If you have any of these symptoms, call our office at Brogdon Dental. We can can check your mouth and see if you might be suffering from any of these problems.  Don’t put it off, call today.

Is too much Candy a Treat or a Trick?

With Halloween happening this evening, many children will be going through their neighborhoods, going door to door chanting the words, “Trick or Treat”. Of course, they expect a treat, but how good are these treats for their teeth and are there some candies better than others?

The real problem isn’t so much the amount of sugar, but the streptococcus bacteria in our mouths that  feed on it. When this bacteria feeds on the sugary tidbits lodged in your teeth, they excrete acids that eat away at your tooth enamel.  That’s why it’s important to brush your teeth after eating candy.

If you must eat candy, there are some better than others.

  • Sugar-free Lollipops and Hard Candies and Sugar Free Chewing Gum: These act in similar ways by stimulating saliva, which prevents dry mouth. A dry mouth allows plaque to build up on teeth faster, leading to an increased risk of cavities. Also chewing sugar free gum containing the artificial sweeteners sorbitol and xylitol reduces cavities.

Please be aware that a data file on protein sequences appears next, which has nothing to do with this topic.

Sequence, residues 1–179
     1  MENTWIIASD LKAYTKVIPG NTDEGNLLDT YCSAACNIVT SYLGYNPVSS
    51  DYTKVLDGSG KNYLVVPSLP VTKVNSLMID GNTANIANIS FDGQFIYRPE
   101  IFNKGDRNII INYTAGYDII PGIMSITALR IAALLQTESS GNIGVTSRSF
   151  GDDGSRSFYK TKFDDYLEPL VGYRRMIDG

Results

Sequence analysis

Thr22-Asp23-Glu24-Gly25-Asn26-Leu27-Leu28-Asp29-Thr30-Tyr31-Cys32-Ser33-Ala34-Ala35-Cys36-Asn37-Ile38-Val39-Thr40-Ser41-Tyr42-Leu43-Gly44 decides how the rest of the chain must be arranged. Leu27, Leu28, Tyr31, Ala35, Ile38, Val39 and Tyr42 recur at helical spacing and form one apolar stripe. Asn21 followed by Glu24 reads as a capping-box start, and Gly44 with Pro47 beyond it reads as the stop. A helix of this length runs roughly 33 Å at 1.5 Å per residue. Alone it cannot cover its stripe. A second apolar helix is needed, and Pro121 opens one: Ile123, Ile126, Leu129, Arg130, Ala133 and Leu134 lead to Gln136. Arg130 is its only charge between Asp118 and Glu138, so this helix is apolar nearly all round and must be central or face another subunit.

• Dark Chocolate: Even though there is a lot of sugar in chocolate, dark chocolate has been shown to have antioxidants, which are good for your heath.  Just remember to eat in moderation.

Bad candies to avoid include:

  • Snacks high in sugar such as cake, cookies and candy corn.
  • Chewy sticky sweets such as gummy bears, taffy and caramels that can get stuck between your teeth.
  • Sour candies. Candies high in acid can break down tooth enamel.

One good thing to remember is that saliva slowly helps to restore the natural balance of the acid in the mouth. After eating acidic foods, wait around 20 minutes before brushing to allow the natural acting saliva to do its thing, otherwise you might cause more damage by brushing acid onto tooth surfaces.

Candy can be a treat if you choose the right kind, and limit the bad ones.